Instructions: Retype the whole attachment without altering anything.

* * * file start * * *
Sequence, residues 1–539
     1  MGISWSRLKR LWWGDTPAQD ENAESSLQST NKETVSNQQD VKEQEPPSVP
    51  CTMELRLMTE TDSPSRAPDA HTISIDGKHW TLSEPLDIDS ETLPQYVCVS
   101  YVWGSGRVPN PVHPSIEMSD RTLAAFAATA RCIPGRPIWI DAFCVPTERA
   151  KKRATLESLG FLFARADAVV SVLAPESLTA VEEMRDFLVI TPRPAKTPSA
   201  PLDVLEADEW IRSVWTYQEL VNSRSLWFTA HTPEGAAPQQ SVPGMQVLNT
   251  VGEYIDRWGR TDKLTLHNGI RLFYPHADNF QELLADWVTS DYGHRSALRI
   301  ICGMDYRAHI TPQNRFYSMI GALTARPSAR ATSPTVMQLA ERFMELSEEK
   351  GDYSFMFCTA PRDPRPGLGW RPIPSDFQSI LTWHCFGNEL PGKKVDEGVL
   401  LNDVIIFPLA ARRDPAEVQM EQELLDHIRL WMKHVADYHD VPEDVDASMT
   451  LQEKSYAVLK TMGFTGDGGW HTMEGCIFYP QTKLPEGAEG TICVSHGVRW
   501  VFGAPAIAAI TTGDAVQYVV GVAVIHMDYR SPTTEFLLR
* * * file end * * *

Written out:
Sequence, residues 1–539
     1  MGISWSRLKR LWWGDTPAQD ENAESSLQST NKETVSNQQD VKEQEPPSVP
    51  CTMELRLMTE TDSPSRAPDA HTISIDGKHW TLSEPLDIDS ETLPQYVCVS
   101  YVWGSGRVPN PVHPSIEMSD RTLAAFAATA RCIPGRPIWI DAFCVPTERA
   151  KKRATLESLG FLFARADAVV SVLAPESLTA VEEMRDFLVI TPRPAKTPSA
   201  PLDVLEADEW IRSVWTYQEL VNSRSLWFTA HTPEGAAPQQ SVPGMQVLNT
   251  VGEYIDRWGR TDKLTLHNGI RLFYPHADNF QELLADWVTS DYGHRSALRI
   301  ICGMDYRAHI TPQNRFYSMI GALTARPSAR ATSPTVMQLA ERFMELSEEK
   351  GDYSFMFCTA PRDPRPGLGW RPIPSDFQSI LTWHCFGNEL PGKKVDEGVL
   401  LNDVIIFPLA ARRDPAEVQM EQELLDHIRL WMKHVADYHD VPEDVDASMT
   451  LQEKSYAVLK TMGFTGDGGW HTMEGCIFYP QTKLPEGAEG TICVSHGVRW
   501  VFGAPAIAAI TTGDAVQYVV GVAVIHMDYR SPTTEFLLR